Aethelwulf (sometimes spelled as Ethelwulf) was the oldest son of King Egbert of Wessex and his wife Edberga. He may have been born in Aachen, in modern Germany, the seat of the Imperial Frankish kingdom, where his parents temporarily lived in exile.
Egbert returned to Britain on the death of King Bertric of Wessex in AD 802 and seized the throne of Wessex. In 825 Egbert launched a series of attacks on Mercia and put Aethelwulf at the head of an army charged with subduing the kingdom of Kent. Aethelwuf was successful, and the subkingdoms of Surrey, Sussex, and Essex quickly submitted.
Egbert put these new territories into Aethelwulf's hands, and for 14 years he ruled as a sub-king under his father. When Egbert died in 1839 Aethelwulf took the throne and have his former territories to his own son Aethelstan.
In his personal life, Aethelwulf married Osburga, the daughter of a Kentish nobleman, and with her he had at least six children.
The Danish Threat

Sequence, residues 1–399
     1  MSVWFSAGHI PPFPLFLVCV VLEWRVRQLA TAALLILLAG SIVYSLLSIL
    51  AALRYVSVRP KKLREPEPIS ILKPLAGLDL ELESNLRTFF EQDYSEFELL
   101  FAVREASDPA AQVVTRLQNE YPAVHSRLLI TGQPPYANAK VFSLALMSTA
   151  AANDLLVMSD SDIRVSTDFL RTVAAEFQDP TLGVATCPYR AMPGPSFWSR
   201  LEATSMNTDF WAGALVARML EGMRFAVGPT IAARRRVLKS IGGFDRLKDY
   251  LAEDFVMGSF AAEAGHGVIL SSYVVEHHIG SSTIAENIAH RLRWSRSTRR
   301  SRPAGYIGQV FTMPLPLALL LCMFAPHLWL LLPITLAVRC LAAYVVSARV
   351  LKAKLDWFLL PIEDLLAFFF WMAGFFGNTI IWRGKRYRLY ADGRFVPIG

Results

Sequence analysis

Aethelwulf ruled as King of Wessex from 839-856, and it was during his reign that the first major Danish invasions of England took place. The initial conflicts did not go well for Aethelwulf; he lost a sea battle to the Danes in 842, but regrouped and soundly defeated the Danes at the Battle of Aclea in 851.
The Danish threat brought Wessex and Mercia into an uneasy alliance against a common foe. In 853 King Burgred of Mercia asked for Aethelwulf's help against the Welsh, and to seal the alliance Burgred married Aethelwulf's daughter Aethelswith.
Aethelwulf was well known for his religious fervour, so perhaps it should have come as no surprise that in 855 he went on a pilgrimage to Rome, leaving Wessex in the hands of his second son Aethelbald and the southeastern kingdoms with his third son Aethelbert.
On his return trip he stayed at the Frankish court where he forged a new alliance with the Franks under King Charles the Bald, and sealed we alliance by marrying Charles's daughter Judith, then just 14 years old.
When he returned to Wessex, Aethelbald was unwilling to relinquish control of the kingdom to his father and Aethwlwulf, now an old man, had no stomach for the fight. He retired to Aethelbert's territory and lived out the last few years of his life.
He died only two years after abdicating and died in AD 858. He was buried at Steyning, in Sussex, but his body was later moved to Winchester Cathedral.
Time period(s): Saxon